8:13 am
from "usa today" -- jobseekers should think small. the heavy lifting by firms with fewer than 50 employees is likely to crop up. some economists expect to flow growth. keith in chicago. you have been long-term and employed -- unemployed. caller: unfortunately i find myself in this problematic d d demographic. 20 plus years in my field professional services. one thing that you are not talking about is the new codified recruitment system where employers are using third-party recruiters to do phone screens.
8:14 am
they look at your salary. they look at your education your experience. you are qualified. maybe graduated from college 20 years ago. you are screened out. one other dimension, age. and if you have a hispanic or black last name, you are screened out. the number one problem that i face -- and i will spend eight hours today like every day this year on the phone and on the internet applying for jobs that i will qualify for -- there are literally hundreds of them each week. i am director level, but i would take any job. i get screened out because i have a hispanic last name. i'm biracial. it's a frustration.
8:15 am
no one is even thinking about us. we are highly educated. this is supposed to be the time that we are getting ready for retirement, and we are starting all over. host: what about your retirement savings? caller: all gone. host: god. you had to use a? caller: yes. host: keith -- i apologize, i thought you are done. nancy cook. guest: that is a common story that i heard from people i talk to. the 50 plus. it is really heartbreaking. people like him who are well educated, they have done everything right. they bought a house, put money away for retirement, have a rainy day savings fund, had a good job, have experienced. once people hit this long-term unemployment, they have been out
8:16 am
of work for a while, it gets harder and harder to get back into the labor market. people plow through their money. also, employers want to hire people at the cheapest wages they can. when you have people with experience, employers don't always want that because they will think that person will require a higher salary and they don't necessarily want to pay that, even though people who i talked to say that they would be willing to settle for last. host: on our line for the employed from pittsburgh. caller: i am employed. i do want to make it clear that i and working a low-paid job. before i make my, and question, i want to say that i'm not doing that well. i'm barely getting by. i've a question for nancy cook. my, is that i do -- my comment is that i do believe we are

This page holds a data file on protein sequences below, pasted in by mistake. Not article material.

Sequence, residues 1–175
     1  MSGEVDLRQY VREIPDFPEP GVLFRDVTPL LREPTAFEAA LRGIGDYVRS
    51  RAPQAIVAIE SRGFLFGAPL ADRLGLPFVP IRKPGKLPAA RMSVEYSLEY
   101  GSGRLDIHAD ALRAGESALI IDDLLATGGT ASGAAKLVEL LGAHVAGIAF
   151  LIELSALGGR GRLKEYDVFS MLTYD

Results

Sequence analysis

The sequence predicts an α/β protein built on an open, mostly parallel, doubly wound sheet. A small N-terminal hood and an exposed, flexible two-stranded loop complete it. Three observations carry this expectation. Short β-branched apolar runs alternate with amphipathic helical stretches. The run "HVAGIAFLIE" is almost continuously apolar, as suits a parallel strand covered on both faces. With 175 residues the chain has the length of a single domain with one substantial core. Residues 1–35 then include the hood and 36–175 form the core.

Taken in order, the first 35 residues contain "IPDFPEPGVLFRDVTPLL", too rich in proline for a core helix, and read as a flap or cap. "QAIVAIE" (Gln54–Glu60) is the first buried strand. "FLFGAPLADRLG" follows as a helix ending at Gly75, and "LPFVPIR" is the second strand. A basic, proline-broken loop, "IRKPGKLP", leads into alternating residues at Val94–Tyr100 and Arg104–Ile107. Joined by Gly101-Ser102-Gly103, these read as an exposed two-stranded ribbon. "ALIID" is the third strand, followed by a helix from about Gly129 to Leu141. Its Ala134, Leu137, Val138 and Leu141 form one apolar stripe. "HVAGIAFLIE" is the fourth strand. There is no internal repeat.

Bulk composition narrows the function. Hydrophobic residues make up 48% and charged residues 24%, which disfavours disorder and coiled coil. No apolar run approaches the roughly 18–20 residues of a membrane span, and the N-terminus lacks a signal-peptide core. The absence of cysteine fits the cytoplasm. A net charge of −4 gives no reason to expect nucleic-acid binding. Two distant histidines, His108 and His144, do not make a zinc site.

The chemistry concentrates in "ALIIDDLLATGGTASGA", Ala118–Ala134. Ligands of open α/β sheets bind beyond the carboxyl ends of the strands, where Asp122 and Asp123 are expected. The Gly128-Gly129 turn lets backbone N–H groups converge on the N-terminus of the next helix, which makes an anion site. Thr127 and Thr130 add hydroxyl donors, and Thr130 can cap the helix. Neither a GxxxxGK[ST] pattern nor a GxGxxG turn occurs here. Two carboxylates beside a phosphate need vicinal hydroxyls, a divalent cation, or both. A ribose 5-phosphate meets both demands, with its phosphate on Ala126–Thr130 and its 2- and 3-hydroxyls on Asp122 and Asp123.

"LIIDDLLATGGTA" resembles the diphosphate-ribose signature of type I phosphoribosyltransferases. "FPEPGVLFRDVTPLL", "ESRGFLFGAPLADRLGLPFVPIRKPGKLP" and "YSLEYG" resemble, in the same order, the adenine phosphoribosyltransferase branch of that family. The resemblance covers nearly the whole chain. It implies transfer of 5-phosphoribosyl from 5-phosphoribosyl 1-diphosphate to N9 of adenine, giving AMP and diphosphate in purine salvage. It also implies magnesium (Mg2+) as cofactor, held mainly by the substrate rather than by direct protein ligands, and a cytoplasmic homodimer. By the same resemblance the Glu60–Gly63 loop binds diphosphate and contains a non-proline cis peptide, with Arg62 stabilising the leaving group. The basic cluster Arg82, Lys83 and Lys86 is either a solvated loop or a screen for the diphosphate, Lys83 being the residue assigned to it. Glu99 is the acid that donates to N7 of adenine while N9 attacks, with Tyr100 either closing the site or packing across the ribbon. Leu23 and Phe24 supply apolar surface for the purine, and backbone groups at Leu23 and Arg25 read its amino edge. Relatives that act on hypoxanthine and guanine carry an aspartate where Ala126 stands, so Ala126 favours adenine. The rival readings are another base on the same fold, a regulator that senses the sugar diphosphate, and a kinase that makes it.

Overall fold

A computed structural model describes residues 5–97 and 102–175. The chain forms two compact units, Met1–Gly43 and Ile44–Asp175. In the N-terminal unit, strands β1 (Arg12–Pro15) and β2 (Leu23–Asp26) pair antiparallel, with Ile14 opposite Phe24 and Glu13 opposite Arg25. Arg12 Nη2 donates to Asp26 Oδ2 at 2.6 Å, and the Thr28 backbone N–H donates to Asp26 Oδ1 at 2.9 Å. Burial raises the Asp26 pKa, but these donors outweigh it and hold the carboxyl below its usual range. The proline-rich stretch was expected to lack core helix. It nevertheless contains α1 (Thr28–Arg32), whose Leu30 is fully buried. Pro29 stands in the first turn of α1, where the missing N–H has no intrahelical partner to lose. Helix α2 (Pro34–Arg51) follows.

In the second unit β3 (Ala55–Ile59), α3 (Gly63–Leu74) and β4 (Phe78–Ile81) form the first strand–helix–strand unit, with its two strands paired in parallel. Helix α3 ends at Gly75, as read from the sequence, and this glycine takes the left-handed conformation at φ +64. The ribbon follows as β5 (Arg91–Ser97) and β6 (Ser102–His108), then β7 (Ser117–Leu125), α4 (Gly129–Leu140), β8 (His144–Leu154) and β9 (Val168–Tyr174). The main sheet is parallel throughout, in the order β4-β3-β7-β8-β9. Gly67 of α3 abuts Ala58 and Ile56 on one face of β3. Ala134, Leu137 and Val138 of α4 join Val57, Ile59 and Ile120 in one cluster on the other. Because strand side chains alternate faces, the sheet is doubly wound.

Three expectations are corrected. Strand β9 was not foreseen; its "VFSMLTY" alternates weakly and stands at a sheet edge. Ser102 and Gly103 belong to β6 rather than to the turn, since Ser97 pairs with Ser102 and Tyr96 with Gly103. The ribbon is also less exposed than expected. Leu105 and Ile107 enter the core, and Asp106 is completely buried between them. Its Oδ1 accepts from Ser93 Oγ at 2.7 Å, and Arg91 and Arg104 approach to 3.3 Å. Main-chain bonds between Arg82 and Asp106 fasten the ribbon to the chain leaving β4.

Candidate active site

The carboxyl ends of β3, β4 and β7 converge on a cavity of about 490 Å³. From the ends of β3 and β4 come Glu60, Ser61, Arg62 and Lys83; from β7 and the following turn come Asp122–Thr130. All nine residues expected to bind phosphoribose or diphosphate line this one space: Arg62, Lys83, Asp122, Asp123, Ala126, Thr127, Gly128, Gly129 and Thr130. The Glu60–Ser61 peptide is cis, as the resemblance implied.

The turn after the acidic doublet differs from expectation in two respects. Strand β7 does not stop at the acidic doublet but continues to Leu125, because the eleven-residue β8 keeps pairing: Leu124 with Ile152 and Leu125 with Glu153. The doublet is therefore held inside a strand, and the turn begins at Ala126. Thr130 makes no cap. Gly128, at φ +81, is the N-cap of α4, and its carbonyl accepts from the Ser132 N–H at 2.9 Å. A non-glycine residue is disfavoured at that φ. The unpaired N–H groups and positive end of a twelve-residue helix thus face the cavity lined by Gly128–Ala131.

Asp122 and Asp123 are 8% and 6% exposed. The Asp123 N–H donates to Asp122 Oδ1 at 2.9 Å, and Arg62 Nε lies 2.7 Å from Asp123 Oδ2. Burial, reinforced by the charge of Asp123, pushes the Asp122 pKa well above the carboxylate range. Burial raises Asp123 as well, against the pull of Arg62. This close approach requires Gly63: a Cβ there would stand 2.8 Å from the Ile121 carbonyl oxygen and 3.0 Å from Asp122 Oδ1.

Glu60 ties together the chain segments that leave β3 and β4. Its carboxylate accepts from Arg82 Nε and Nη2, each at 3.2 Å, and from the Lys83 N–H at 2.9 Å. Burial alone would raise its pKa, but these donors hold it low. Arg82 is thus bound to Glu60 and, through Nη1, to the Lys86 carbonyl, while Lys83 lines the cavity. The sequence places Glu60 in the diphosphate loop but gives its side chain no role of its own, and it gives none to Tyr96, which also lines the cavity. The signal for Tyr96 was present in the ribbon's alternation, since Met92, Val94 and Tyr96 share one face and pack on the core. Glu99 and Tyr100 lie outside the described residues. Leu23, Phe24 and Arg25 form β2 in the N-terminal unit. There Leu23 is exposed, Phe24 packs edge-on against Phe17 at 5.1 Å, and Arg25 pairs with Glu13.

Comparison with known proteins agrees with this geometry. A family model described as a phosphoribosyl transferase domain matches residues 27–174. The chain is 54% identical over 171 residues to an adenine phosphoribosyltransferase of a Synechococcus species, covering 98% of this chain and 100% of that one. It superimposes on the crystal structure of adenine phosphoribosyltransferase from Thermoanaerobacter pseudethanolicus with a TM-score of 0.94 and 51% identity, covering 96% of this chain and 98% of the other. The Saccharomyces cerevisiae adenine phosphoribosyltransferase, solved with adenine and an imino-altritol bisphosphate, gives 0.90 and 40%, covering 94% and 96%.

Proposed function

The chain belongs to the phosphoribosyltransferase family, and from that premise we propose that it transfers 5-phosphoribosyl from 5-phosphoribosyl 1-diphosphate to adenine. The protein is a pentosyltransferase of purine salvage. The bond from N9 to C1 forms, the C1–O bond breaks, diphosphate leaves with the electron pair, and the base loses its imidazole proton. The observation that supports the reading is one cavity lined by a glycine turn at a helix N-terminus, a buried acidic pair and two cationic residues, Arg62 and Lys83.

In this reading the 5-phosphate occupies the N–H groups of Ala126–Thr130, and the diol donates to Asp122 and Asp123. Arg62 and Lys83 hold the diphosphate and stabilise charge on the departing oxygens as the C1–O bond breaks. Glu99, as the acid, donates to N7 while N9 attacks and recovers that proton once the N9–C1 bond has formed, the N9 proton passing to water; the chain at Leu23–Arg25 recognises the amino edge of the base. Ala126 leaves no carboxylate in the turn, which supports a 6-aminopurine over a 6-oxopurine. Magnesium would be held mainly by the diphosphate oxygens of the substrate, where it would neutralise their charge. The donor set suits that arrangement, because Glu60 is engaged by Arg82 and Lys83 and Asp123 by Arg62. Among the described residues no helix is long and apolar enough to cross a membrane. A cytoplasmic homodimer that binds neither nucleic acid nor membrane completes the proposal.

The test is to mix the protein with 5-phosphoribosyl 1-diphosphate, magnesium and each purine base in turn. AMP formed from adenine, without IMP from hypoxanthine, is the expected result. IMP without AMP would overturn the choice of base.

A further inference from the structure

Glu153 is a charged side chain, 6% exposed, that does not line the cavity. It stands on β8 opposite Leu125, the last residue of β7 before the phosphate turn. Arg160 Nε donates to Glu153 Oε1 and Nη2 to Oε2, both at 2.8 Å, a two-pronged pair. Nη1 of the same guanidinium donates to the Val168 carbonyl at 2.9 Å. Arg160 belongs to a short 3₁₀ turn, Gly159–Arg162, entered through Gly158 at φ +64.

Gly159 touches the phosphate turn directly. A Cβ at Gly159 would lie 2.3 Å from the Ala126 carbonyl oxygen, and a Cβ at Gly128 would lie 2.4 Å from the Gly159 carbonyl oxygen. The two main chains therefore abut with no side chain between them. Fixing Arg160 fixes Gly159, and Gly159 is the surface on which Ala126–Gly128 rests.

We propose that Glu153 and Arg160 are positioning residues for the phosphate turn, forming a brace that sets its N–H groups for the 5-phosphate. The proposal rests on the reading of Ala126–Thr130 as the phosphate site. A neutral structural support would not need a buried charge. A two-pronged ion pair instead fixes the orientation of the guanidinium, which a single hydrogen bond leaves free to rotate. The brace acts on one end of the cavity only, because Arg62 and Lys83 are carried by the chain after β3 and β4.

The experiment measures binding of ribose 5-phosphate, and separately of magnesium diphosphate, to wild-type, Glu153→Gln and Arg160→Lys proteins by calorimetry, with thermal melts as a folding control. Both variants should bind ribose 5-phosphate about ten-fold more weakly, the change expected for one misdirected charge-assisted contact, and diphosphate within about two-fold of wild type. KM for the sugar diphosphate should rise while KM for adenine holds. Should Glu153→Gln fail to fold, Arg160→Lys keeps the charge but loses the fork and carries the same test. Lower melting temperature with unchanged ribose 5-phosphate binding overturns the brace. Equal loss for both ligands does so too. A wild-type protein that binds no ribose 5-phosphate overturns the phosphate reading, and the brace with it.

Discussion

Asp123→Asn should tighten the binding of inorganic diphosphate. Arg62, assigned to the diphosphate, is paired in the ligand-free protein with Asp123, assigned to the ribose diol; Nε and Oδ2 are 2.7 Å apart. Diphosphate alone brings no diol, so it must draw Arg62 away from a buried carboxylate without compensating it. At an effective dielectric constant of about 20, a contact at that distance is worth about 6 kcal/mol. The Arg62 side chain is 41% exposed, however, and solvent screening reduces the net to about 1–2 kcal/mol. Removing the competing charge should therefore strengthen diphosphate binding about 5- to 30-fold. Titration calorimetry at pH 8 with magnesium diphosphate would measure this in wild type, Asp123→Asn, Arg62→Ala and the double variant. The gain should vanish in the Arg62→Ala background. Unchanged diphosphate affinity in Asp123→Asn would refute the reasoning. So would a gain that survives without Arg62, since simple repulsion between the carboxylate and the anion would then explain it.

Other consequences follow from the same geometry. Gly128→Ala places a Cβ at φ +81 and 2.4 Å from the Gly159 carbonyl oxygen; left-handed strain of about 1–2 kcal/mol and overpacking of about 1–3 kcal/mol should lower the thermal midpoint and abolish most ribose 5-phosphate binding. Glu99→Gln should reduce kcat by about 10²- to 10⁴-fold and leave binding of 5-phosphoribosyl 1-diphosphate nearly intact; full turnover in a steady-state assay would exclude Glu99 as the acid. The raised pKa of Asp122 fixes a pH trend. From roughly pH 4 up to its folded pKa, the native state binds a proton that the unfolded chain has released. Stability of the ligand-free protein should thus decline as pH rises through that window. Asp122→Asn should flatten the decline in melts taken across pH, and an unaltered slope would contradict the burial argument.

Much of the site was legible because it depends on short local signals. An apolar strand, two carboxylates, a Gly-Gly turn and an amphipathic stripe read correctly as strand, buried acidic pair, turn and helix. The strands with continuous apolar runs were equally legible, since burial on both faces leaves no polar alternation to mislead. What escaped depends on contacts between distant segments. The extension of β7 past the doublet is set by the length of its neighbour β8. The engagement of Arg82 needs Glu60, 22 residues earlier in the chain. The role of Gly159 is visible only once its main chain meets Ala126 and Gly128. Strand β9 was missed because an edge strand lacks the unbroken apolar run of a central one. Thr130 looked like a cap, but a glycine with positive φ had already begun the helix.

8:17 am
going in the rejection, but the public doesn't know in what direction we are going. sometimes we create $200,000 -- 200,000 jobs, but then in a month like march we create no jobs. this last month, it looks like an exception to the rule to me. when i hear someone say that who is a national policy correspondent, it sounds to me more like a political spin doctor. the question i have for ms. cook is how does she feel about returning to the policies that we used by an large from the 1930's to the 1990's where we did not rely 100% on the private market to make jobs, but we allowed the government to engage in sometimes massive government
8:18 am
spending to create jobs. no additional job bills have been passed. i'm wondering if she think that would be the right direction to go instead of the leave the government out of it approached? guest: i think a lot of people think that if the government started spending money in infrastructure, for instance -- bridges are falling apart, roads need repairs, on my way over here, there are a lot of potholes in d.c. -- we could fix this and also put people back to work. yes, stimulus money would help but there is absolutely no political will to do that. congress led unemployment benefits expire. that caosts less than infrastructure. congress is very remote. nothing like that will get through. host: about his first comment about the 14 straight months of